she is not a pessimist. For this same time period saw the rise of other
theorists who did grasp and revere the achievements of the rule of law in
the classic sense. While it may well have been her early exposure to F. A.
Hayek at the University of Chicago that focused her attention on this
question, she went on to ¬nd the most comprehensive development in
understanding the rule of law ever “ in the writings of the English
philosopher, Michael Oakeshott, the subject of her ¬nal chapter.
Letwin™s critiques of legal realism, Ronald Dworkin, Critical Legal
Studies, and feminist jurisprudence were written in the mid-1980s when
these writers were seen as revolutionary and controversial. Two decades
later, our perspective on their positions has matured considerably, and
ix
Editor™s preface
the list of important representatives of these views, has evolved as well. As
the 1992 peer reviewers of the manuscript had already seen, some rewrit-
ing of these chapters was required to allow readers to see Letwin™s critique
¬rmly engaged with the most signi¬cant and mature positions that had
emerged out of these movements. Letwin™s original manuscript will be
available at the Brigham Young University Library for anyone who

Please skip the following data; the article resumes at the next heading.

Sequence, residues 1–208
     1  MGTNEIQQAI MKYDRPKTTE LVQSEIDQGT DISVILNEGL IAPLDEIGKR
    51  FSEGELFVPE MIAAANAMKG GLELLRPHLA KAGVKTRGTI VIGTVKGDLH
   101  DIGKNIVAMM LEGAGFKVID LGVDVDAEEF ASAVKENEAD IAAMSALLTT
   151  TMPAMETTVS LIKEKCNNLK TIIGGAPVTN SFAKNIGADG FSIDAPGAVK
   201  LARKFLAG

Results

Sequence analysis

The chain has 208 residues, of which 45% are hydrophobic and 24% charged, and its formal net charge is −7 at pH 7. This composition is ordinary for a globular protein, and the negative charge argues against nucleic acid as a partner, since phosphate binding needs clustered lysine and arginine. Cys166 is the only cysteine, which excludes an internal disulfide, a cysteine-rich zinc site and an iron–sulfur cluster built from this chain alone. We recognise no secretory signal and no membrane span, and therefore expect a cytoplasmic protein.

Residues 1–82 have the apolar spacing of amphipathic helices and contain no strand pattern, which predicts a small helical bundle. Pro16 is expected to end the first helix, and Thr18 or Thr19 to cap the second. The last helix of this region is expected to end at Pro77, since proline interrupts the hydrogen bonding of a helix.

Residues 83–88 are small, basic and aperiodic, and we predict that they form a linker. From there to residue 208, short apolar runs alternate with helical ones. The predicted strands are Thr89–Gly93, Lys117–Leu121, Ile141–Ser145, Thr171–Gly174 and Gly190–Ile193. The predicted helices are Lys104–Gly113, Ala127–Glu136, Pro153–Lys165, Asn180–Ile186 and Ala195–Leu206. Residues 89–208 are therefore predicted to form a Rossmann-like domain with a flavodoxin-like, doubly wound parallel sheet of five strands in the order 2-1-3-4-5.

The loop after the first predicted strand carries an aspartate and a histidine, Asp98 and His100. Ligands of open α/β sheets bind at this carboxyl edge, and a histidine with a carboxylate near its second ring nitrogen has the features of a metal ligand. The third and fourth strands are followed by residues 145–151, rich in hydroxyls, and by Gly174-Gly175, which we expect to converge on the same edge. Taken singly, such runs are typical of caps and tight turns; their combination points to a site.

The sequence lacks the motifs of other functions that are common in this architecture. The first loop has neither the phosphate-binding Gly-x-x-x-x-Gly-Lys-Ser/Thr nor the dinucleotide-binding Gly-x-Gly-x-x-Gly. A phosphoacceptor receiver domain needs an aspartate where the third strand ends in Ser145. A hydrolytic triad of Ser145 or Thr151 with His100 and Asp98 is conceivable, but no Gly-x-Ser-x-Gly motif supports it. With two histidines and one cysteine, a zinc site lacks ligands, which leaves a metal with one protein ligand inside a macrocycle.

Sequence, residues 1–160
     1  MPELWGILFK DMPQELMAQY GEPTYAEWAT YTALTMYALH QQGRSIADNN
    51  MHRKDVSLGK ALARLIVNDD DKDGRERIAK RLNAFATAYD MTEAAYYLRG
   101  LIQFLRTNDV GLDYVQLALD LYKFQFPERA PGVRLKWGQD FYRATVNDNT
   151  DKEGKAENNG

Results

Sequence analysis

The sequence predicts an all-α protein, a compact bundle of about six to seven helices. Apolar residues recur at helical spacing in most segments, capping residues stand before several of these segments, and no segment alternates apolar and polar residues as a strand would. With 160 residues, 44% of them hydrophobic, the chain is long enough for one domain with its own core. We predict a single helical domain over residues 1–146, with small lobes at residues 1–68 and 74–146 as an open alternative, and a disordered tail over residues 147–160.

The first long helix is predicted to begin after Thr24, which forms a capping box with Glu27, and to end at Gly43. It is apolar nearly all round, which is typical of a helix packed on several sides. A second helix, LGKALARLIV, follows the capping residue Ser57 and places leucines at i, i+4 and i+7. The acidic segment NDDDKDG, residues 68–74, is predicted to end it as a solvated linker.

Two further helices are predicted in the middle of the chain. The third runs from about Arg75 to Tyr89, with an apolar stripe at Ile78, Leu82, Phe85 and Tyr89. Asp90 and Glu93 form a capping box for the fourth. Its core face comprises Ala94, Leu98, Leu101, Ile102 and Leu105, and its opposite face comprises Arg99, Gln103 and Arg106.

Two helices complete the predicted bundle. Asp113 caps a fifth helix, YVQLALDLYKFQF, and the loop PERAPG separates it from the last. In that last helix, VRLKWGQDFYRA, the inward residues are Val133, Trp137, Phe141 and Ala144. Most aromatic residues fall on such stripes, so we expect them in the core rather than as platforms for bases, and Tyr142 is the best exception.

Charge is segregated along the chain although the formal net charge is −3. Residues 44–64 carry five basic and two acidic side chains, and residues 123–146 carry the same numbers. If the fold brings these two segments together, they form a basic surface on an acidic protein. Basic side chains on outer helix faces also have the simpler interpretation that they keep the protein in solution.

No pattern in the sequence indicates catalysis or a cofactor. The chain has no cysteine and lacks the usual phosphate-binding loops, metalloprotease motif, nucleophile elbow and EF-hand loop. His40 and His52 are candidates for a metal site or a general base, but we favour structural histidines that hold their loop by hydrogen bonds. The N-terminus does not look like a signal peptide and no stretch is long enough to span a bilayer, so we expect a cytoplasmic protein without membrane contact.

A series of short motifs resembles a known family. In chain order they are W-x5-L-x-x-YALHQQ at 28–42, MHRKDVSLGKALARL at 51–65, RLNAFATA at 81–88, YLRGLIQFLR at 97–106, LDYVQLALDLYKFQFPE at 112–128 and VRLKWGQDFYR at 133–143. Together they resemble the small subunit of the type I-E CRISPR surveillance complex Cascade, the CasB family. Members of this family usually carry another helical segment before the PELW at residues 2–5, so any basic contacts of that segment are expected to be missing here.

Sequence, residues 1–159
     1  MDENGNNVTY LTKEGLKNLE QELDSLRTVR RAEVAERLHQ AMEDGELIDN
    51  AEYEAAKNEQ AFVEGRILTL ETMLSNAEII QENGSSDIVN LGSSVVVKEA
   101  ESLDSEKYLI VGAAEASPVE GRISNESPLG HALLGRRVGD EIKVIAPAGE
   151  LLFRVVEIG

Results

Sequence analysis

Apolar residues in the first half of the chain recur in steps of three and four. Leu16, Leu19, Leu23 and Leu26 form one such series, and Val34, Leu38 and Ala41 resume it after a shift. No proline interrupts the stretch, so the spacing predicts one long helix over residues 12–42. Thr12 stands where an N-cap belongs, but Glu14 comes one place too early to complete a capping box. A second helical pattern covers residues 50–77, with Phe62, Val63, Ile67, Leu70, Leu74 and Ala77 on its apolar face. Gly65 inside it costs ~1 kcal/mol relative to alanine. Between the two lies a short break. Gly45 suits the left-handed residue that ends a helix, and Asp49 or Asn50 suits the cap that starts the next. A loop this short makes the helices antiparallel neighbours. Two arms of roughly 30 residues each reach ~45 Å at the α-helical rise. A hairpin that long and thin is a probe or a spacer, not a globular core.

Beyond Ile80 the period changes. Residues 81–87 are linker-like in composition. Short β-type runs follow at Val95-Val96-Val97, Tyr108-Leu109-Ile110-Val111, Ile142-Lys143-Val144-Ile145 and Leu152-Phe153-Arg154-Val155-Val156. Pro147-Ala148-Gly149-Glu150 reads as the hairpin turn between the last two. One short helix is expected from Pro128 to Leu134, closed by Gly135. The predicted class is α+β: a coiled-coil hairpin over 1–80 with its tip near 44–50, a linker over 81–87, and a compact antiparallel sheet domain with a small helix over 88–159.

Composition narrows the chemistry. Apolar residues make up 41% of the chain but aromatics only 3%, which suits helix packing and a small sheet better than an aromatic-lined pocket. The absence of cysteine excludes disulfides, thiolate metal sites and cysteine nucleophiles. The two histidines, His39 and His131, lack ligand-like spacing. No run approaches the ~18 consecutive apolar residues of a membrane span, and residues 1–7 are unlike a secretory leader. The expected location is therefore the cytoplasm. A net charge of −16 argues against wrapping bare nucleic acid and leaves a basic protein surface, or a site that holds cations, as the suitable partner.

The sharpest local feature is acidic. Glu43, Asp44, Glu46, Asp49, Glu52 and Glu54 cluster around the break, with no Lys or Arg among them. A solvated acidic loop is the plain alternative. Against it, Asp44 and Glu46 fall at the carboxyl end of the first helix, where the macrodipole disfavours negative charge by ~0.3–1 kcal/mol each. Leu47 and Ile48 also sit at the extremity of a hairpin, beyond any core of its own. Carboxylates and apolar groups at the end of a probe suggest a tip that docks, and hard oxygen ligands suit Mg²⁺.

would like to read her 1980s treatment of these topics.
The most time-consuming part of editing Letwin™s manuscript, how-
ever, has been the footnotes. It was not the author™s custom to include full
citations in the draft versions of her manuscript. At this point no one
knows whether she had recorded full citations in a separate ¬le, now
unavailable, or whether she planned to complete them during the editing
process. Of the approximately 800 citations, only a small number were
complete. I mention this primarily to give credit to a series of research
assistants who spent hundreds of hours searching for translations and
sources that would match the text. After we had exhausted the resources
of the normally very adequate Brigham Young University Library, we
turned to Inter-Library Loan. But still a hundred citations remained
mysterious. Finally, on an extended trip to London, with the help of my
wife Sydney, who proved better than I at ¬nding these, we combed
through Letwin™s personal library and the stacks of the London Library,
where Letwin did much of her work. In a few cases, where we could not
verify a reference, we were forced to adjust the text or use alternative
translations. A very few nonessential references were simply deleted, and
a couple of important ones have been left in the text with imperfect
citations that we have not been able to con¬rm. In my judgment, this